Parallel Sessions - 26 November 2010
Parallel Session 5
Museum and University Collaborations: The V&A working in partnership with Universities
Programme Manager: Higher Education and Creative Industries, Victoria and Albert Museum
This presentation highlighted a number of collaborative projects between the V&A and practitioner based courses at London Universities. It is not an exhaustive survey of Higher Education across the Museum but focuses on the aims and outcomes of the first year of a jointly funded post by the V&A and Brighton University under the former CETLD (Centre for Excellence in Teaching and Learning through Design) initiative. These projects explore the complex nature of HE/Museum collaborations, the difficulties of finding a common language and providing learning experiences for students undertaking a long term learning process.
Researching Learning And
Teaching In Art And Design
Dr Alison Shreeve
Head of School of Design, Craft and Visual Arts, Bucks New University
This presentation explored ways to start research into pedagogic practices in art and design. It was based on the experiences of the presenter and colleagues over the last twelve years. It addressed the importance of starting to evaluate issues in order to improve our own teaching practice and explored how research can be developed to create a culture of innovation and creative approaches to teaching and learning.
thorny issue of ethics, research design and methodologies was briefly
discussed. Examples of research projects and outcomes illustrated the many
different ways that research can benefit our community and increase our
effectiveness as teachers.
Parallel Session 6
A productive relationship
or just close friends? The creative industries and higher education in Wales
Lecturer in Interactive Media, University of Wales Trinity Saint David
The Art, Design and Media subject committee in Wales has undertaken the Productive Relationships: Higher Education and the Creative Industries in Wales project, looking at the extent of the relationship between higher education and the creative industries in the Principality. The project report will highlight a plethora of innovative projects and connections that have hitherto been invisible to the Welsh Assembly Government and funding bodies, whilst case studies will support policy recommendations for the Creative Industries Strategy in Wales.
This paper highlighted material from the report, focusing on the Media Production programmes
at Lampeter including student views gathered via the ADM facilitated Student
Voice focus groups held across Wales as part of the project. The paper questioned whether employability skills and training are relevant to the HE
sector or are implicit rather than explicit outcomes of the activities of our
Art, Design and Media departments.
Making the Creative Process Visible
Dr Natasha Mayo
Lecturer in Ceramics, Cardiff School of Art and Design
Making the Creative Process Visible is an ongoing research project examining tendencies and patterns in the ways ideas develop in art practice. Whilst there are clear examination criteria to analyse final outcomes, ways in which students can forge connections between properties, build upon them, recognize strengths and direct approach toward overriding expression, is taught in a far more implicit manner.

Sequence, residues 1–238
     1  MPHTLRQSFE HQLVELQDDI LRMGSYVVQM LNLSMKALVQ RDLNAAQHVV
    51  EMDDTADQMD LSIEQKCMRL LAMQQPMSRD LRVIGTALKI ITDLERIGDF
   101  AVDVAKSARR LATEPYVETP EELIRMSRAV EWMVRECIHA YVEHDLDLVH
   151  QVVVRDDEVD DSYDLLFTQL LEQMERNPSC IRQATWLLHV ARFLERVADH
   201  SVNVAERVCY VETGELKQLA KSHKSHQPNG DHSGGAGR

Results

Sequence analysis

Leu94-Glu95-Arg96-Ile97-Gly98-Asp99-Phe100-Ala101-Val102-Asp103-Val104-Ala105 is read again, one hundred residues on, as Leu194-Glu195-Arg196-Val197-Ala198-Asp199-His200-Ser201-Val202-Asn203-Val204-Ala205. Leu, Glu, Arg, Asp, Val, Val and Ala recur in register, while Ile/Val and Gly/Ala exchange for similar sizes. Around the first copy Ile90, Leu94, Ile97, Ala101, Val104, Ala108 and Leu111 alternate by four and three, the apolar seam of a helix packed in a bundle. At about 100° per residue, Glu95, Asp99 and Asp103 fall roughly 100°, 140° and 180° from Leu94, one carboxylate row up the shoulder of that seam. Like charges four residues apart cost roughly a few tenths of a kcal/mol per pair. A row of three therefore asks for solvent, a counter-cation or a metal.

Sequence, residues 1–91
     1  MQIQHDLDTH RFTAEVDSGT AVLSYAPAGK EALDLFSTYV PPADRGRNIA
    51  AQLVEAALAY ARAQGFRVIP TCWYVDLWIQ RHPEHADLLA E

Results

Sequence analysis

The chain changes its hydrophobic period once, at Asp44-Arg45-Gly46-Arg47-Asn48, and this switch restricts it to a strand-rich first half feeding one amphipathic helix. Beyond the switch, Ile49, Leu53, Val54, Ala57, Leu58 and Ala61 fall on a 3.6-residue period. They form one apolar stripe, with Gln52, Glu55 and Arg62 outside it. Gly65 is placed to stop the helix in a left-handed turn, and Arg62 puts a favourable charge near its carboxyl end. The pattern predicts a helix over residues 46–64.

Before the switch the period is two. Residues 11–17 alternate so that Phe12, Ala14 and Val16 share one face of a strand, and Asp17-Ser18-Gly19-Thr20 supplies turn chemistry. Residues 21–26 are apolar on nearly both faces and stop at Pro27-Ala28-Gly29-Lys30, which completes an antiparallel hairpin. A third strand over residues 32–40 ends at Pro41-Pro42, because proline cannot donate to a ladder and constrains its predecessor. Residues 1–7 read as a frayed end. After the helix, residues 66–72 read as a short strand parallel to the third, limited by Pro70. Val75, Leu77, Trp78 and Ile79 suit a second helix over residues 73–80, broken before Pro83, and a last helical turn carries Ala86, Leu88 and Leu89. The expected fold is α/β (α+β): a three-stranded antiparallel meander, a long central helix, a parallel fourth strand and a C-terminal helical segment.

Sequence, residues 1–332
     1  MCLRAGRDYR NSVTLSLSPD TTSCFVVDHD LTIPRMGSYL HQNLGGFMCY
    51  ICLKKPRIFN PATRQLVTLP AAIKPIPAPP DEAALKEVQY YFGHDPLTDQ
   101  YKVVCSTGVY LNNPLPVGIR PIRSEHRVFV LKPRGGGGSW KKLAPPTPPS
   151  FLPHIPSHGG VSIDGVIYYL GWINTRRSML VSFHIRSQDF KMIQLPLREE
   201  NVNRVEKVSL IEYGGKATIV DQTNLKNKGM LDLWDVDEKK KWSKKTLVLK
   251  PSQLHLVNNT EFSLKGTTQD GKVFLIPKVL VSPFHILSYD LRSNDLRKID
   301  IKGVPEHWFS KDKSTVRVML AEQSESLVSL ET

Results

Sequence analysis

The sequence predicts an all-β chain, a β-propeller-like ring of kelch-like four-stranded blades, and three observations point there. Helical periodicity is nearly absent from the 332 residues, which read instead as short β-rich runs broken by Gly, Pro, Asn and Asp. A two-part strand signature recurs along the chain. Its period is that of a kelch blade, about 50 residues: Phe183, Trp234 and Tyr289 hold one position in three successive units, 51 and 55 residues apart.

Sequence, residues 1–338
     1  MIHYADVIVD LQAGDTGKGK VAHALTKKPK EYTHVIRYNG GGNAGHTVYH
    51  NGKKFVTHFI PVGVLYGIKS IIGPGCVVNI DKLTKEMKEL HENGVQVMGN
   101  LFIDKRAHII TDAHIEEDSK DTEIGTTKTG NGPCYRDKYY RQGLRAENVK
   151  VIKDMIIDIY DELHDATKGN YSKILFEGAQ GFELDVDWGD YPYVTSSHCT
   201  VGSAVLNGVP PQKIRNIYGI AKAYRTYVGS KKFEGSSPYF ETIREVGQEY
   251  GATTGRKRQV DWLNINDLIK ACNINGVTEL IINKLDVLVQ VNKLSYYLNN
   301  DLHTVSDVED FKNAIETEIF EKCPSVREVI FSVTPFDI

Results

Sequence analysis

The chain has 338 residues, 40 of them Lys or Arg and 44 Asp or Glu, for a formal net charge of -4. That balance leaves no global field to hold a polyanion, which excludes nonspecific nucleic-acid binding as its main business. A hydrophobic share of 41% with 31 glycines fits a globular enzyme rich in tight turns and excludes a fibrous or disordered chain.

The basic premise is a simple assertion: that there are fundamental structures that enable the development of ideas and underpin most theoretical and subject related concerns. These structures are developed from an understanding of creative thinking which, according to Spearman’s psychological model, is essentially the ability to see or create relationships between things. In art, this is often characterised by the necessary shift we undergo when understanding inanimate properties of form and texture as having the capacity to connect with sensation and emotion. In the development of ideas, as we consider changing aesthetic attributes, moving properties, altering scale, in all such mental thrusts we are ‘educing correlates’, finding and refining connections. And as links are forged between properties a third potentially arises and so the language of invention takes place.
The material generated from this research currently includes: films identifying tendencies and patterns in the ways ideas develop across a diverse range of students work from BA to MA level, the modification and incorporation of these films into a interactive website, the development of ‘in conversation’ films, employing the same techniques across established artists work.
Outcomes arising from this research indicate greater student autonomy in the learning experience, student-generated content for learning and teaching resources and greater integration of theory and practice.
Parallel Session 7
Short text good because long text too good (workshop)
Course Director of BA Graphic Design, School of Art and Design, Coventry University
This workshop aimed to show how short texts can be more meaningful than long ones. It tackled the apparent frustrations and ambiguities of short texts by adding pictures to provide a dimension of plausible yet perhaps unexpected meaning. This delicate and tensile strength can be missing from long essays, whose formal structure and traditional protocols aim to make them satisfying and complete in themselves. Ironically, long essays can thus become quarantined from longer or broader relevance by being too good at what they do.
During the session, participants were invited to write a text which was strictly governed by three factors: time, layout and length. They were then asked to expand the text by adding imagery, but neither as rebus nor determinative: the imagery was used to negotiate nuance and suggestion.